Model D is teaming up with the Southeast Michigan Early Childhood Funders Collaborative (SEMI ECFC) for a new reporting and engagement series focusing on the state of early education and childcare in our region. This series builds
on our work to highlight early childhood development and care's vital role in supporting families and helping create thriving communities.
Over the next two months, we'll be diving into what both parents and providers are experiencing right now, what’s working and what’s not, and who is uncovering solutions. We strive to inform our readers about the needs our early childhood system is facing and to report on innovation and support for equitable, accessible, and high-quality options.
Top of our mind, and probably yours, is the child care crisis
hitting Michigan and many places across the nation. More than 54,000 children in our state are waiting for a spot in a child care program, according to “Disappearing Day Care,
” a 10-month investigation by MuckRock and a consortium of Michigan newsrooms. The research found the number of "childcare deserts" in Michigan — regions where three children compete for every slot at an in-home or group center — is nearly double previous estimates. Due to their limited childcare options, 20 counties qualify as deserts. Wayne and Macomb are among 23 counties nearly qualifying, the data says.
In addition to child care, we'll be making room to explore the larger ecosystem of early childhood, which includes topics like prenatal care, home visits, early intervention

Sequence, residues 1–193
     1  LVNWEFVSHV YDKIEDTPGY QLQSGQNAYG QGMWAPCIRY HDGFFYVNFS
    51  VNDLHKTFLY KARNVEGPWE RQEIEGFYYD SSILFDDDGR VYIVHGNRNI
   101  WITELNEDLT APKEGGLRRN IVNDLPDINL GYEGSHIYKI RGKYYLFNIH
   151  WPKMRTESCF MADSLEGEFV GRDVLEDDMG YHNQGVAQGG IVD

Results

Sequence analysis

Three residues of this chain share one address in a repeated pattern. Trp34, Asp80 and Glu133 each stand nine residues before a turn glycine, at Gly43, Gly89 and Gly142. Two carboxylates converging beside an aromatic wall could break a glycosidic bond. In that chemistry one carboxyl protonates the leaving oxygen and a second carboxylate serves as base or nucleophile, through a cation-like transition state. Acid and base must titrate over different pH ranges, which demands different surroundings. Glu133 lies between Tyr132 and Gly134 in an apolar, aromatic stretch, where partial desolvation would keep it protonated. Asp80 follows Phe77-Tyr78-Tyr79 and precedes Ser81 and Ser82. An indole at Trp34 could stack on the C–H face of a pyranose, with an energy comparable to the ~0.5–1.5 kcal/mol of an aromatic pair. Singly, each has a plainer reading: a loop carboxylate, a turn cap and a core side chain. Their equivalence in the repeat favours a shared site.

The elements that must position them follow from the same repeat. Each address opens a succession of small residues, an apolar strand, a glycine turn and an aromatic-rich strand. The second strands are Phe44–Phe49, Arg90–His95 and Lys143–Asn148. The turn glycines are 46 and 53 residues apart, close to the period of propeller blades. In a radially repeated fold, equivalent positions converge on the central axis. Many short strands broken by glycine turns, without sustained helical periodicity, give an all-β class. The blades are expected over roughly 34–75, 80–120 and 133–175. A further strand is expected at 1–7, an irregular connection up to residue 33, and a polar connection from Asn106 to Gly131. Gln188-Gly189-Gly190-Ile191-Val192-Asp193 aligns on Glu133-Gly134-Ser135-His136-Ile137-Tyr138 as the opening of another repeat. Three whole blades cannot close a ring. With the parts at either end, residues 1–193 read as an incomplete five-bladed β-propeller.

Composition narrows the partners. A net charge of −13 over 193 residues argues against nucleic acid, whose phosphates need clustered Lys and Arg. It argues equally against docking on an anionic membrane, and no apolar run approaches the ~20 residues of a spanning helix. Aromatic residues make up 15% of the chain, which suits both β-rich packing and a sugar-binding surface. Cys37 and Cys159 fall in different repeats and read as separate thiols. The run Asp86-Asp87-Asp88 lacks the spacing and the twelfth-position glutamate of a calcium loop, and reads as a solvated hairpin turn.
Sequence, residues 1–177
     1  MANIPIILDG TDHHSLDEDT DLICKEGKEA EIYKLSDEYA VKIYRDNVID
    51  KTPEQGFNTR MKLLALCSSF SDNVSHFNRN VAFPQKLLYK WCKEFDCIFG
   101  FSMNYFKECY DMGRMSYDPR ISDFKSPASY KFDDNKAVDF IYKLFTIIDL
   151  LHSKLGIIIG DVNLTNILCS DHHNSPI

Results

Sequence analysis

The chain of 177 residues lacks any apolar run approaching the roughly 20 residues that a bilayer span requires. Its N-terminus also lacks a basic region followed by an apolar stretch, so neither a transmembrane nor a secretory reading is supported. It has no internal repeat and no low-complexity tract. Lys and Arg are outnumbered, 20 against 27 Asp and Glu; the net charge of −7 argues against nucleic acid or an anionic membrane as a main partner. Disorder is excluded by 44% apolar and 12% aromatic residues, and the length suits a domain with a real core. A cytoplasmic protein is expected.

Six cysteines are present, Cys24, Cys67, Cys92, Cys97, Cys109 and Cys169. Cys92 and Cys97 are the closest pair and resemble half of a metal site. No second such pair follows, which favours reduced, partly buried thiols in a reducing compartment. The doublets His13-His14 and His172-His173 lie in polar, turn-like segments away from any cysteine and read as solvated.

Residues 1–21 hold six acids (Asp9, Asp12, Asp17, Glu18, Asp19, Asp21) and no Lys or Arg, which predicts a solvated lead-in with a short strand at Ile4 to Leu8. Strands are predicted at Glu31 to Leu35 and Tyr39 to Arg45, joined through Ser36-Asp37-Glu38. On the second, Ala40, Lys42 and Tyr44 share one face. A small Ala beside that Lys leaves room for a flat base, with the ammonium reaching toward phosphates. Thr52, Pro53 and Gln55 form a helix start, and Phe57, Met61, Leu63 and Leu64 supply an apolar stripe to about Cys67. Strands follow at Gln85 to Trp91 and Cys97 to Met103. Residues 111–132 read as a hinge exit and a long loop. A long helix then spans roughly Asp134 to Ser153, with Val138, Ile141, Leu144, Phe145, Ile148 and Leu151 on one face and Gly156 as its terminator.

, and more. We want to tell the stories of families who rely on our region's many early childhood programs and consider what long-term funding and support providers need to ensure their success.
While families are front-and-center on these issues, the health of our early childhood system affects everyone, says Jeff Capizzano, president of the Policy Equity Group in Washington, D.C. His group works to help socially-conscience organizations, foundations, and advocates build capacity and leverage policy opportunities to increase their support for children and families in poverty.
In this space, he says, there are three major themes. "It's early childhood as a mechanism to support child development and learning, childcare as a support for working families, and childcare as a support for local and state economies, providing access to a pool of labor that would be otherwise unavailable."
Our weekly coverage for this series will dive into early childhood investments and proposals from state and federal governments. We'll also look at staff shortages, care worker wages, and safety concerns. Amid all these challenges, we especially want to highlight people and organizations in metro Detroit who are creating innovative solutions to address these problems right in their communities.
If you have a story you'd like to share to help us in our reporting, please reach out to Sarah Williams, the project editor on this series, at tips [at] modeldmedia [dot] com
This series is made possible by the Southeast Michigan Early Childhood Funders Collaborative.
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